Missouri State Archives
Guide to African American History
Record Group 600: Supreme Court of the State of Missouri (1804-Present)
In 1795, Winny, the slave of Phoebe Whitesides, was moved from Kentucky to the Indiana Territory with her owners and held as a slave there. The 1787 Northwest Ordinance, however, prohibited slavery in the Indiana Territory. The Whitesides later moved to the Missouri Territory, where Winny sued for freedom, stating she was freed by living in free territory. Justices Mathias McGirk and George Tompkins stated in their majority opinion that ".this court thinks that the person who takes his slave into said Territory and by the length of his residence there indicates an intention of making that place his residence & that of his slave and thereby induces a jury to believe that fact does by such residence declare his slave to have become a free man." This 1824 decision set Missouri's long-standing precedent of "once free, always free" in determining the outcome of slave freedom suits.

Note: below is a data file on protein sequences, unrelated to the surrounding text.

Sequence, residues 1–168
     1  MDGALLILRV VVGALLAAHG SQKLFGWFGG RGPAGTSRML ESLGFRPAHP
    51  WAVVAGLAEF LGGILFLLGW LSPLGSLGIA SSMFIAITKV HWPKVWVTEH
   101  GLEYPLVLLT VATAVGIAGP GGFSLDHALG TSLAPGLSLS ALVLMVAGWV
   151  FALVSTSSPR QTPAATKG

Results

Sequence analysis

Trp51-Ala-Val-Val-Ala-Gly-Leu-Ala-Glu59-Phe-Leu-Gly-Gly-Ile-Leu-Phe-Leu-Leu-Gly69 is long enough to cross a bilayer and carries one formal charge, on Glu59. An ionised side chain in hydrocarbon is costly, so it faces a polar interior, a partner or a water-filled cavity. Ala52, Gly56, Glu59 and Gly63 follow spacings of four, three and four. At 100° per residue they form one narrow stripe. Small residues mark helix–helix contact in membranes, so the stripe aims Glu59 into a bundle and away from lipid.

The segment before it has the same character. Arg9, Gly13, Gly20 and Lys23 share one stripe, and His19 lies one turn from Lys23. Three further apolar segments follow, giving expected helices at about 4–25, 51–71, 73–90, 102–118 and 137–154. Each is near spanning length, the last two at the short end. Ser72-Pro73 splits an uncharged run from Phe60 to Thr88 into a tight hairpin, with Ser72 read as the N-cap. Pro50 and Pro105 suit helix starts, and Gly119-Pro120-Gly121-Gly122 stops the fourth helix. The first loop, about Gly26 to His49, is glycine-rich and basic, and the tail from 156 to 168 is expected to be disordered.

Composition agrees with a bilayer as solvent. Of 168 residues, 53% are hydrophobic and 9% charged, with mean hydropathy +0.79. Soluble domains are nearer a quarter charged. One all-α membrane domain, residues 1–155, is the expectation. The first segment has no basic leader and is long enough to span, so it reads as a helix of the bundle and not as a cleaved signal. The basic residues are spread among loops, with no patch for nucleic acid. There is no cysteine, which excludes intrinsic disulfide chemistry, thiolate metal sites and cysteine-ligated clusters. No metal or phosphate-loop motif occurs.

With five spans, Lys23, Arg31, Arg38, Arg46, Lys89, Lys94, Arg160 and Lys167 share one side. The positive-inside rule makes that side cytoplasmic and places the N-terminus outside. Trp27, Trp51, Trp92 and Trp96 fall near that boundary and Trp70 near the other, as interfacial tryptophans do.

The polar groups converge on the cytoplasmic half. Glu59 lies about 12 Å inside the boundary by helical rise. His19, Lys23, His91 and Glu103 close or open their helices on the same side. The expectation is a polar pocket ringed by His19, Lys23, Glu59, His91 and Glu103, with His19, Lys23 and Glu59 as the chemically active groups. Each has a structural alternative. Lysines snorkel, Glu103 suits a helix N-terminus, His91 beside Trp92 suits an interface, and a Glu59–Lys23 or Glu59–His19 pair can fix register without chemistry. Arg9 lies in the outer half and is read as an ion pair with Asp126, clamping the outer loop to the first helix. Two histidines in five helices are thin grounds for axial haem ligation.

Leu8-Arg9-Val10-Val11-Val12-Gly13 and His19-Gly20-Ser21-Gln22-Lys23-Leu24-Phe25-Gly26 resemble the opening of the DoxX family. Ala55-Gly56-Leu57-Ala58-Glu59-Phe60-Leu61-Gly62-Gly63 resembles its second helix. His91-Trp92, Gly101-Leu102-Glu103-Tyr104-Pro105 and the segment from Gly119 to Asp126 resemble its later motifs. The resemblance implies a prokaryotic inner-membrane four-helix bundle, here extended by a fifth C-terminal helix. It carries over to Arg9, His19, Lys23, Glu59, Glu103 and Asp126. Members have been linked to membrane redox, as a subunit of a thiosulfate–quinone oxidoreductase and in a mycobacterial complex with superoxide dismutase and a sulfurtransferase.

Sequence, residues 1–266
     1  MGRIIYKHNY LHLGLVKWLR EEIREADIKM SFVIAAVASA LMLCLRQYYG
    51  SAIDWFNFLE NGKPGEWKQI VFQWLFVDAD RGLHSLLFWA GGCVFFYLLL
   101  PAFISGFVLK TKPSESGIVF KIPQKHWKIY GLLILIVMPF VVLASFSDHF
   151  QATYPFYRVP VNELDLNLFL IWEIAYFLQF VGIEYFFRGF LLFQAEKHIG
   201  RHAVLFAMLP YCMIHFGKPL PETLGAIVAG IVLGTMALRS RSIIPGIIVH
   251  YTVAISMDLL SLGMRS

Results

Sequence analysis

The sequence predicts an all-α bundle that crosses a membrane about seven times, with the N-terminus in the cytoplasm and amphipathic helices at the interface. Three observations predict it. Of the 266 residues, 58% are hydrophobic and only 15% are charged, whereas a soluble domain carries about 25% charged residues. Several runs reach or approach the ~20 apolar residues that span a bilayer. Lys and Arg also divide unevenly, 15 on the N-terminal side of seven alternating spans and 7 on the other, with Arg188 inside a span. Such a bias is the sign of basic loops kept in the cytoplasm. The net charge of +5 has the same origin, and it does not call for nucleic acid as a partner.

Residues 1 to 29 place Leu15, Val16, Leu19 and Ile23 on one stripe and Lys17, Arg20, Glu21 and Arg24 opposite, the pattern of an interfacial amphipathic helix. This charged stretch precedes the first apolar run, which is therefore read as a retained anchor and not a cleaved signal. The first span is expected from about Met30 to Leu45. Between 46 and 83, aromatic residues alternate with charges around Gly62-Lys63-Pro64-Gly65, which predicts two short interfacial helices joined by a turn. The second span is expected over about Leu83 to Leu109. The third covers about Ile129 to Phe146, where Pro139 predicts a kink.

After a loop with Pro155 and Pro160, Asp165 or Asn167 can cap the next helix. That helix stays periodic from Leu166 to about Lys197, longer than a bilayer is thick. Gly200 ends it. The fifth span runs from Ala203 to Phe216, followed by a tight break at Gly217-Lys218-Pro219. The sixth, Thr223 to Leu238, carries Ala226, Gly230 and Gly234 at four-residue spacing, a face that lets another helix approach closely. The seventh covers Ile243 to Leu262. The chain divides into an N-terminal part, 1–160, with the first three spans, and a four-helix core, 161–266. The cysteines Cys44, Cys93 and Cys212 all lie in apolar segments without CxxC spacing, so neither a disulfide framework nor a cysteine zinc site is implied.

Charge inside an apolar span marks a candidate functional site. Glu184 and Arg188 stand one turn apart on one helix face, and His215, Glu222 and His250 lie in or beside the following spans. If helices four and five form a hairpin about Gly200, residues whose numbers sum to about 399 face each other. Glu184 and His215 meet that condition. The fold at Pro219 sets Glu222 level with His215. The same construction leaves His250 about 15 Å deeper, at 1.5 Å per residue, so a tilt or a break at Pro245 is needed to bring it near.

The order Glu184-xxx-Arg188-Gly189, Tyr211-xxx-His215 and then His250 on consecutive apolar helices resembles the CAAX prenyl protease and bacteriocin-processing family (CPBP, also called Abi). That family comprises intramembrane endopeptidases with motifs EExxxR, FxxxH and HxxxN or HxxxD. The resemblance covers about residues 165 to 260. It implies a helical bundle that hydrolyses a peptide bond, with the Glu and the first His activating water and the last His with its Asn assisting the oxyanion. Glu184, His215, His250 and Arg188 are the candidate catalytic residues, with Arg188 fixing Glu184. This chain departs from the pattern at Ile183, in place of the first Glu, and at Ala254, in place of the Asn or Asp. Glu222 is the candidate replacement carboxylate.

Even so, by the 1850s, pro-slavery judges elected to the Missouri Supreme Court were willing to discard legal precedent to further the political end of aligning Missouri more closely with southern states. The 1852 majority opinion in the Dred Scott case, written by William Scott and concurred in by John Ryland, ended the ability of slaves in Missouri to sue for their freedom based on residence in a free state or territory. Scott did not mention the precedent-forming Winny v. Whitesides. Instead, he wrote, "Times are not now as they were when the former decisions on this subject were made."